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The filling, the bonbon, the wheat and the chaff

July 9, 2018
The filling, the bonbon, the wheat and the chaff
Alberto Ruiz

“Teach me how to make a fancy and colorful decorated bonbon as seen on Social Media, but without going into the filling”. This is the terrifying phrase Philippe Vancayseele had to hear in one of his courses. And we fear that it has not been the only time nor the only pastry chef victim of such frivolous requests.

The emergence of social networks has meant a growing interest in pastry, but not necessarily for the trade, at least in equal measure. Like a mirage, Instagram profiles show wonderful, dazzling, fabulous images. If it is red, smooth and shiny, it usually works. And what does the filling matter and therefore the flavor if one already has the likes in the bag?

As we have already written, it is undeniable that the Internet is democratizing almost everything. Today anyone can publicly show their work without the need of a media outlet covering it. And that offers enormous advantages, but also disadvantages. The problem now is not only separating the wheat from the chaff, but rather finding the wheat among so much chaff. And something else, following the example of the barn, it turns out that all this wheat is beginning to look too much the same. The true creators find it more difficult to register the authorship of their creations. Everything is covered and almost everything is copied, but few mention the obligatory source of the original.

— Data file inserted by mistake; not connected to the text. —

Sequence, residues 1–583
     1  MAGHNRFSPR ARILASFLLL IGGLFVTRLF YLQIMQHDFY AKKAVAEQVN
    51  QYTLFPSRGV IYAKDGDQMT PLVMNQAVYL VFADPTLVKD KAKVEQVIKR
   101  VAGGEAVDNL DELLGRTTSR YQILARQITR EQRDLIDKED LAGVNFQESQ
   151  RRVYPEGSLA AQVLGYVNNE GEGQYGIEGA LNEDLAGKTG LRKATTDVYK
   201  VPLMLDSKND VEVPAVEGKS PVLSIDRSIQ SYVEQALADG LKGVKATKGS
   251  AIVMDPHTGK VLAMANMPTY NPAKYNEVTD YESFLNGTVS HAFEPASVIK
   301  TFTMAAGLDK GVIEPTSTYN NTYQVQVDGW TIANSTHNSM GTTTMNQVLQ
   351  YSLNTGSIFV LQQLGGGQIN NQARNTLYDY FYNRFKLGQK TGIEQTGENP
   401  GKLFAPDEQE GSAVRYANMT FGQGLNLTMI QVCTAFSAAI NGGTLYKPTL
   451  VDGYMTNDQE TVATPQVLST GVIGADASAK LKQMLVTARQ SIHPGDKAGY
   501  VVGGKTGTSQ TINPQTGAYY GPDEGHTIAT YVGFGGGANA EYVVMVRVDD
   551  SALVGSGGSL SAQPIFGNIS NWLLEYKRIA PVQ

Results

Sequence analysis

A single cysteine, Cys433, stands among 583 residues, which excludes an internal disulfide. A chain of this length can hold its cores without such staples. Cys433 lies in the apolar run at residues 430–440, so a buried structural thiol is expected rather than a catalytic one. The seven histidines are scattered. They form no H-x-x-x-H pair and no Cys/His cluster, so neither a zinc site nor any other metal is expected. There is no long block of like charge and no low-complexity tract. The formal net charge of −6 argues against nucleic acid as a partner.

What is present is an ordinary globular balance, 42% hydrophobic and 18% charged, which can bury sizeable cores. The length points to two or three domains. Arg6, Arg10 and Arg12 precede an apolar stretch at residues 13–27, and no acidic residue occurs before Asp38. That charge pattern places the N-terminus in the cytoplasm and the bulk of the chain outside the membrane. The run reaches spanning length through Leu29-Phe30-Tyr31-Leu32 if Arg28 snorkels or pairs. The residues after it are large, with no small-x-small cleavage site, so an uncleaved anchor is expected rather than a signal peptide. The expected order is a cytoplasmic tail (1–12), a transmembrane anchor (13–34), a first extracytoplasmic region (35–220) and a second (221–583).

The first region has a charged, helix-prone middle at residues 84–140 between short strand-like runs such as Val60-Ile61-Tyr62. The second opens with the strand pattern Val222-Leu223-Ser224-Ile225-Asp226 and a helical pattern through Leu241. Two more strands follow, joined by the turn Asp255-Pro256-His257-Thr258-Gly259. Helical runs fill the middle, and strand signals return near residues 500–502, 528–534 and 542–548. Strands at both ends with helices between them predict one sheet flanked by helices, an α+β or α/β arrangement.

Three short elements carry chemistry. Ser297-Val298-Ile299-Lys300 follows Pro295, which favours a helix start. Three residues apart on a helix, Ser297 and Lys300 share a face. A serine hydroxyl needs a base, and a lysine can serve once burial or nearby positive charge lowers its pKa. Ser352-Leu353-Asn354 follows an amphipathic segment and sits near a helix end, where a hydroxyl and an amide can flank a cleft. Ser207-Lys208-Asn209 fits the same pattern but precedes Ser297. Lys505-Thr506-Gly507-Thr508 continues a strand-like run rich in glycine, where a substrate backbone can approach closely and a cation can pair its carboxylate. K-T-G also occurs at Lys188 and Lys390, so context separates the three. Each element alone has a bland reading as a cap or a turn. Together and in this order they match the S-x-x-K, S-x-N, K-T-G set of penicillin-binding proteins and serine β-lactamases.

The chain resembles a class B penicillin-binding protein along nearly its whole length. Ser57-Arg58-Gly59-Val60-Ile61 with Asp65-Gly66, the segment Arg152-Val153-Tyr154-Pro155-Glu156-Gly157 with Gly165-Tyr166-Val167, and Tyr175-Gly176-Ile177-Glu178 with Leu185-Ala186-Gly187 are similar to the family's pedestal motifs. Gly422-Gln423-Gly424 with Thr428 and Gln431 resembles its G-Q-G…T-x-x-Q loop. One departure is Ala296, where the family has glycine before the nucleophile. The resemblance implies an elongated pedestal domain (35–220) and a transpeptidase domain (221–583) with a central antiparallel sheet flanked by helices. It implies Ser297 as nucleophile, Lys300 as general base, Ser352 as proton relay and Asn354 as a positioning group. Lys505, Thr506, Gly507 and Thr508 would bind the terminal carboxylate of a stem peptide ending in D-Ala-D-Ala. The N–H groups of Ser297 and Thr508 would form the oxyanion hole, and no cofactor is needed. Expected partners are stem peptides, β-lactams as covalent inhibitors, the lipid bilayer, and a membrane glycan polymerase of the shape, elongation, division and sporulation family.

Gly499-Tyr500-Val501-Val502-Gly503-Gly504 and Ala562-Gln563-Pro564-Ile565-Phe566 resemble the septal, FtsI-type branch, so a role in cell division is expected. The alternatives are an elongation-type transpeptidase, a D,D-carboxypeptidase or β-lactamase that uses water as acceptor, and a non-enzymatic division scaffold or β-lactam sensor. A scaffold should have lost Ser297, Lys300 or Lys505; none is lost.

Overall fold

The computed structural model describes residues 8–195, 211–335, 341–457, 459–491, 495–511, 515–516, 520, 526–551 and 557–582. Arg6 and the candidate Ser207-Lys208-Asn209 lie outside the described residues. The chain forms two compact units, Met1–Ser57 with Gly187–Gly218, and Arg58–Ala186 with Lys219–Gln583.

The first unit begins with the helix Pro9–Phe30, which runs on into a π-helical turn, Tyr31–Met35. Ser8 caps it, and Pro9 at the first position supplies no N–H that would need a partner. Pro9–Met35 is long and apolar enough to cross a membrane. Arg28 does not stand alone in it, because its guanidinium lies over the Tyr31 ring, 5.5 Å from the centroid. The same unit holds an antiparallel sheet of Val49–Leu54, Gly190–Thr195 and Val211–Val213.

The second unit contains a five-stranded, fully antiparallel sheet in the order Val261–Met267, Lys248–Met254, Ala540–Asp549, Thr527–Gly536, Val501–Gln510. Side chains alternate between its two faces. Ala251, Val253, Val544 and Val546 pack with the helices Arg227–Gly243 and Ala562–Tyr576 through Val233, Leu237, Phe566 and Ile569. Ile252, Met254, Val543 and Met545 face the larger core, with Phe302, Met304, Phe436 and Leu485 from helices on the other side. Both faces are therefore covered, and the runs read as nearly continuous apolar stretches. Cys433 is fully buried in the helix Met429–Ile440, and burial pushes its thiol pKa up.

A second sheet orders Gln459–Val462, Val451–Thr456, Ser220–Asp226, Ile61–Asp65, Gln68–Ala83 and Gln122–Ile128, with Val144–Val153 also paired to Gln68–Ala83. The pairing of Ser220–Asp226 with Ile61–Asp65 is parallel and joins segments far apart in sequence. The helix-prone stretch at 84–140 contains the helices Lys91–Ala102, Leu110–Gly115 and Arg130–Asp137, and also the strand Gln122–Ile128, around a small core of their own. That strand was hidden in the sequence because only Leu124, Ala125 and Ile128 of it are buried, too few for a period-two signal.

Thus, there are more and more voices that warn of the standardization of pastry and the rampant superficiality. Some begin to look towards social networks but as a way of knowing what not to do. In this context, everything that is included in the professional field becomes more relevant than ever. Serious competitions, professional fairs, technical journals, and schools are still the guardians of the trade, the defenders of rigor, orthodoxy, and education as the main vehicle for the evolution and progress of the sector. In the end, the objective remains that Philippe Vancayseele’s students ask him, “How do you make the best bonbon?”

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